Covid 19 outbreak hampering China's economic recovery

810
5
Covid 19 outbreak hampering China's economic recovery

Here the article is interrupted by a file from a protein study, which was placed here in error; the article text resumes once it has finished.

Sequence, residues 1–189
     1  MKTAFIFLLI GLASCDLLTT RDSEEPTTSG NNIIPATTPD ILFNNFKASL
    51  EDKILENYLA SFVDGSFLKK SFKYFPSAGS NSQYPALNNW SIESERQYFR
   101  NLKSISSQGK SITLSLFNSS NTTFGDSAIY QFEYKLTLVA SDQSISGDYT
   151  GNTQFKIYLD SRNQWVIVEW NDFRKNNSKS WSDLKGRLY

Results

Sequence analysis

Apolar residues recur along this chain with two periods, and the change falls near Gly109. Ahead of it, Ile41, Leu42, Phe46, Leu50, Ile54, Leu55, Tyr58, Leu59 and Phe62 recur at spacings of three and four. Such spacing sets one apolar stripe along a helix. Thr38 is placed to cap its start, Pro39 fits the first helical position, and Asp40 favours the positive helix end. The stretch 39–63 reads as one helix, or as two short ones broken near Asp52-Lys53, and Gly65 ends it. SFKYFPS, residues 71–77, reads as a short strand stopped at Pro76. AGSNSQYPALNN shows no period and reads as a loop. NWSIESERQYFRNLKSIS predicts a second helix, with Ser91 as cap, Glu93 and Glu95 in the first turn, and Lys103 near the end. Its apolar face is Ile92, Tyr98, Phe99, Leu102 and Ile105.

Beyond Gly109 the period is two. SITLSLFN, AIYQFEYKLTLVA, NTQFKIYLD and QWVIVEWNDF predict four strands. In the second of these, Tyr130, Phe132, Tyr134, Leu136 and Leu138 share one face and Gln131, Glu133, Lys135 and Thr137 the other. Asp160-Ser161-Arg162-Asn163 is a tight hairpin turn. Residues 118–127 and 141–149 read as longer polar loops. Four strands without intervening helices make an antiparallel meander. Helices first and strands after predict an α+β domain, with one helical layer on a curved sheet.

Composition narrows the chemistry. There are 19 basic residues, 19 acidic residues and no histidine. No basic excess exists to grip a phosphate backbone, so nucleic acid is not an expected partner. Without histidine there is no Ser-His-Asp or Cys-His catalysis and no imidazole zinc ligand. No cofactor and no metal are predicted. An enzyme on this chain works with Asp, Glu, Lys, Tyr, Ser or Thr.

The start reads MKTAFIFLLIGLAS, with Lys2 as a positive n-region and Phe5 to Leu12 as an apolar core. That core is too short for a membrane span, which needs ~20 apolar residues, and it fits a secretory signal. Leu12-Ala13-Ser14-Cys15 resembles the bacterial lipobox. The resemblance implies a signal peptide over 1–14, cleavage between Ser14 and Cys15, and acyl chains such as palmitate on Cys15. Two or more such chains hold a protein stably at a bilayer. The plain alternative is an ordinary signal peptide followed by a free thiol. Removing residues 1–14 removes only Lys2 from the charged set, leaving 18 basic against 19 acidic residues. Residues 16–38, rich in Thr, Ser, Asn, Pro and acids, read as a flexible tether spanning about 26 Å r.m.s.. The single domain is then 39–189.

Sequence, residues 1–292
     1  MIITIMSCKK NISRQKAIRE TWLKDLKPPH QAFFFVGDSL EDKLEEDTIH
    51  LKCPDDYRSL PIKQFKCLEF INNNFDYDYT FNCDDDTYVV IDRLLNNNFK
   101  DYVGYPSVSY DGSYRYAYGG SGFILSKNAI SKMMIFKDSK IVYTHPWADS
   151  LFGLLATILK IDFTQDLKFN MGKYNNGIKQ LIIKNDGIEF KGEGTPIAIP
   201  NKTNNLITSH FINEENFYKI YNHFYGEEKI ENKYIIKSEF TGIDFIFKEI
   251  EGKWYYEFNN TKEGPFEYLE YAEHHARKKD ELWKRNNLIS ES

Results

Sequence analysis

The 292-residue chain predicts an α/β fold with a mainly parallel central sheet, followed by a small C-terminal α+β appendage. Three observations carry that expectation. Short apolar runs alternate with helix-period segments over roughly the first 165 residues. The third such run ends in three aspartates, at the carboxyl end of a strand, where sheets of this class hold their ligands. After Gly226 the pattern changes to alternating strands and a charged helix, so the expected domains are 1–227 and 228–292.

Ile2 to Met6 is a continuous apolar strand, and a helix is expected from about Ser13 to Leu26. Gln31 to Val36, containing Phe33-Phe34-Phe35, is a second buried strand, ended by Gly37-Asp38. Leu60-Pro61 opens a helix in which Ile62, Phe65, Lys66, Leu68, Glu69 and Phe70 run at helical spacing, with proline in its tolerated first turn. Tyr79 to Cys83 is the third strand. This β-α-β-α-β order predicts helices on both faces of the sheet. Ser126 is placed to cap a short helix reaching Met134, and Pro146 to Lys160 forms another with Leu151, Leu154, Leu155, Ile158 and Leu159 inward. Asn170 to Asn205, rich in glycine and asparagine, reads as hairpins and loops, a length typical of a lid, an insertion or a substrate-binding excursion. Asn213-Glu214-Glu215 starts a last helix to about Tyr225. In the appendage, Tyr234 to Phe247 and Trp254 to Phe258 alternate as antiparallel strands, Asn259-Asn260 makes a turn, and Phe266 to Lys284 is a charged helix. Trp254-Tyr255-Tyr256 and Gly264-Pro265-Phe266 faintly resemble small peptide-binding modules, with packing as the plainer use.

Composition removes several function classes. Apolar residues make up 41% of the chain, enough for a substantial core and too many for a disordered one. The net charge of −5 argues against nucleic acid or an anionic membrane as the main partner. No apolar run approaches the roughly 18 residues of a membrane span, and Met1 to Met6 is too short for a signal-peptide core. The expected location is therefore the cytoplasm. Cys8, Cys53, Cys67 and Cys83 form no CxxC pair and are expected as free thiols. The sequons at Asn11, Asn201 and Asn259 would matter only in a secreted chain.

The broadest Covid 19 outbreak in China since the beginning of the pandemic in late 2019 is hampering tourism and spending during the peak summer vacation, prompting analysts to review their economic growth projections as risks escalate. Authorities tried to cancel tourist sites, close cultural events and close flights as the outbreak linked to highly deadly delta variant spread within two weeks to almost half of China's 32 provinces. At least 46 towns have advised residents to refrain from travelling unless it's absolutely necessary. Alongside recent flooding in parts of the country, the latest virus controls will likely curb retail spending and economic growth in the second half of the year. Nomura Holdings Inc. has lowered its projection for third-quarter growth from 6.4% previously and sees 4.4% expansion in the final three months of the year, down from 5.3%. Nomura cut its GDP growth forecast to 8.2% from 8.9% for the full year. 'The draconian measures taken by the government are resulting in potentially stringent travel bans and lockdowns in China since spring of 2020, said Lu Ting, Nomura's chief economist for China. "Recent rainstorms and flooding - both worse than expected - necessitate a downward adjustment to our GDP growth forecasts for the third quarter. Goldman Sachs Group Inc. said the potential impact on third-quarter growth could be 0.7 percentage points, although it didn't lower its 6.2% growth forecast for the quarter, saying there are uncertainties about duration of outbreak and likely stronger policy support. Natwest plc and Bloomberg Economics Plc. see downside risks to their growth forecasts. Even though China has faced sporadic virus flare-ups over the past year, they have been much less concentrated in scope and were contained quickly. The current outbreak closed all tourist-sites in Zhangjiajie, a popular scenic destination in Central China. Other cities in Hunan, Jiangsu and Shanxi provinces have closed tourist sites. Airline OAG reported 9.8% less seat capacity in China than last week, the second drop in a row, based on data from scheduling specialist OAG. Capacity stands for a period of 95.7% in 2019 based on RBN level. It's the first time in five weeks that carriers have offered fewer seats in the nation than they did in the comparable pre-pandemic period. Travel booking website Qunar.com Inc. said flight and hotel cancellations on July 29 surged to four times the amount shown in normal days, and customer inquiries also soared to three times the usual amount 'Residents' wage growth was already lagging and if they can't spend their money due to the outbreak, it will surely be a drag on consumption in the second half of the year, said Bruce Pang, head of macro and strategy research at China Renaissance Securities Hong Kong. The current outbreak weighs on a fragile recovery in retail sales and adds to a number of risks that analysts are already seeing in the second half, including a slowdown in exports and cooling property investment. Purchasing managers surveys show that the manufacturing plants are coming under pressure this month. If the Caixin Service PMI rebounds sharply from a 14 month low in June - largely because a previous outbreak was brought under control in the southern province of Guangdong, the outlook remains dim. The Gauages'suggest that the economic recovery is not on a sure footing, Wang Zhe, senior economist at Caixin Insight Group, said in a statement Wednesday. A majority of the economies facing an enormous downward pressure are also under their current economic conditions. Beijing has been trying to spur consumption in the economy to make it less reliant on old growth drivers like investment and property. That remains a key focus for authorities, with the official China Securities Journal saying in a front-page commentary Wednesday that the country should expand the domestic market to stabilize growth and counter uncertainties in overseas demand. Bloomberg Economics estimates retail sales would contract about 0.2% month on month in July and August, similar to the impact seen during outbreaks at the beginning of the year in Hebei and Jilin provinces. For the year as a whole, retail sales growth will likely fall short of a previous projection of 12%, it said. Authorities are already on guard for slower growth in coming months and have pledged fiscal and monetary support to cushion the recovery. In the new year of GDP growth the government has targeted growing over 6%. Traders are boosting bets for monetary easing, with bonds yields and an indicator of future rates at one-year lows. Tuesday's rise in sovereign debt follows seven consecutive weeks of gains, the longest winning streak since the trade war with the U.S. broke out in 2018. The benchmark 10 - year yield has fallen nearly 45 basis points from its February high in the future, boosted by local inflows and a delay in foreign government bond issuance. Bonds have also been triggered by haven demand triggered by a sell-off in stocks. Production has been spared a nationwide lockdown of the sort that slammed the economy in early 2020. Despite this, the chances of another reserve requirement ratio cut to cushion the blow to the economy are increasing - and consumption could use a little such insurance in good terms. The latest outbreak has spread to Beijing despite strict measures by authorities Tuesday to ban rail passengers from 23 regions, including Zhengzhou, Nanjing, Yangzhou, Shenyang and Dalian. This week, the financial hub of Shanghai reported another virus case this week. Several tourist events have been postponed or cancelled, including the Qingdao International Beer Festival, China's largest beer festival, and the Torch Festival in Yunnan province in southern China. More than a dozen music festivals in various cities have also been called off or delayed, and cinemas were closed in Nanjing, Zhangjiajie and Lianyungang. Cases haven't been found in areas with heavy industrial or export activities so far, which means the impact on production should be limited, said Iris Pang. 'If there are cases in major locations that are new cities of services or manufacturing, then it would affect economic activities, she said.